Cutting: A Disturbing Trend Among Teenage Girls

Cutting in Teenage Girls

While it’s difficult for a parent to imagine their teenage girl cutting herself on purpose, this type of self-injury is becoming alarmingly popular, and not just among depressed girls. Even girls who appear happy and well-rounded are engaging in cutting! Understanding why girls engage in this behavior and knowing the signs can help parents put a stop to this dangerous, potentially life-threatening new trend.

Why do girls engage in cutting?

Although the trend isn’t limited to teenage girls, they do seem to be the most susceptible to cutting. While it’s impossible to know the motivation behind every cutter, psychologists do believe there are several main reasons that girls engage in this type of self-injury. These include:

  • Coping with emotional pain. Girls who suffer from extreme emotional pain often engage in cutting as a way to relieve the pressure. Basically, in their eyes, if they can hurt on the outside, maybe they won’t hurt so much on the inside.
  • A way to exert control. Teenagers have very little control over their environment. Parents fight or divorce, bullies attack them physically and emotionally, and people come or go from their lives. While many teens are able to roll with life’s challenges easily, or find alternative ways to let off steam, some girls engage in cutting as a way of exerting control. In their eyes, they can’t control what goes on around them, but they can control what they do to their bodies.
  • A symptom of a deeper psychological condition. Cutting is more common in girls suffering from depression, bipolar disorder, and obsessive-compulsive disorders.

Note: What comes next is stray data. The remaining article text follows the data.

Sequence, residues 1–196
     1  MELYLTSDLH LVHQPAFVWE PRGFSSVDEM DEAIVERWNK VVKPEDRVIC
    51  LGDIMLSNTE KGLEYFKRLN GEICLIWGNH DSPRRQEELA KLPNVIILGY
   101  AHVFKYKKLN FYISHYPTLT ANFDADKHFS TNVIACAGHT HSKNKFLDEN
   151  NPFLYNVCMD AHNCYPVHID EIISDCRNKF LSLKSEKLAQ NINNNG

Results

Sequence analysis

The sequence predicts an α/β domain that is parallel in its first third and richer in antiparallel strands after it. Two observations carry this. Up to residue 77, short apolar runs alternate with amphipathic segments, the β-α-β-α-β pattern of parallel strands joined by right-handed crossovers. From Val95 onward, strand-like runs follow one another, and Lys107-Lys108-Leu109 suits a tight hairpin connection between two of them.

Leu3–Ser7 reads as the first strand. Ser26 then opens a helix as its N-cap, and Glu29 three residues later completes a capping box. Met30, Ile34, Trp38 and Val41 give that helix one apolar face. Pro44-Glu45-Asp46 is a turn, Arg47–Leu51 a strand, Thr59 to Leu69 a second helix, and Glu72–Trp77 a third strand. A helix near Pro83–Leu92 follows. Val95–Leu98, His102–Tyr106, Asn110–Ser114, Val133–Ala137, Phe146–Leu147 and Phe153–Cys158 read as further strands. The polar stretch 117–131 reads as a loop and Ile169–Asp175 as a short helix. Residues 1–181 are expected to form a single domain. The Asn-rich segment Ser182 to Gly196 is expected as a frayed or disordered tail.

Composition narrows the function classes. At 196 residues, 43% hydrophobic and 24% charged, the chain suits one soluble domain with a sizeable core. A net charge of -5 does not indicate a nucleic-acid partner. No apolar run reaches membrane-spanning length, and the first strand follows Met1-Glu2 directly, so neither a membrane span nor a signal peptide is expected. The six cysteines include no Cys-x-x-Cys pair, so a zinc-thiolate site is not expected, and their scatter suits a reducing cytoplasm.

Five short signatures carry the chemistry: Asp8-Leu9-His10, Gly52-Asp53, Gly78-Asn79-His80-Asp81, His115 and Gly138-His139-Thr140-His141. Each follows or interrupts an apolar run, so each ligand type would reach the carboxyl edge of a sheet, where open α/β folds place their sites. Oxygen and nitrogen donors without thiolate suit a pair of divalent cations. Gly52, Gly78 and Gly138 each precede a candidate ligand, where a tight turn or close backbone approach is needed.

• Attention-seeking. In some cases, cutting is a way to gain the much-needed attention from an authority figure. Girls who cut in obvious places may be crying out for help.
  • Peer pressure. If your daughter is spending time with other girls who cut, she may feel like she needs to engage in the behavior to keep up with her friends, even if she doesn’t have emotional issues or psychological conditions. Peer pressure is a very powerful influence on teen girls. In fact, Medical News Today reports that many teens who cut don’t have any underlying reason other than the fact that their friends said it feels good.

Signs that your daughter may be cutting

Aside from the obvious: cuts and scrapes on the skin, there are a few other signs that your child may be cutting.

  • Wearing long clothes, even in the summer. If your teen suddenly starts wearing long sleeves and pants, even in the warm weather, she may be engaging in cutting. This is one of the first signs that parents notice.
  • Frequent “accidents.” Many teens that cut claim that they fell down, the cat or dog scratched them, or some other type of accident occurred. If these accidents seem to be happening regularly, it’s time to sit down and talk.
  • Sharp objects kept in their room. Keep an eye out for knives, safety pins, and other sharp objects that can be used for cutting or scraping the skin.
  • Unexplained scars.

What to do if your daughter is cutting

If you discover or suspect that your daughter is cutting, seek immediate psychological help. This is not something that you can deal with on your own. Don’t assume it’s a phase, because even if it, that phase can have deadly consequences. Cutting can lead to disfigurement, infection, and excessive bleeding even to the point of death. Consult with your family doctor to find the best course of action the moment you discover the behavior.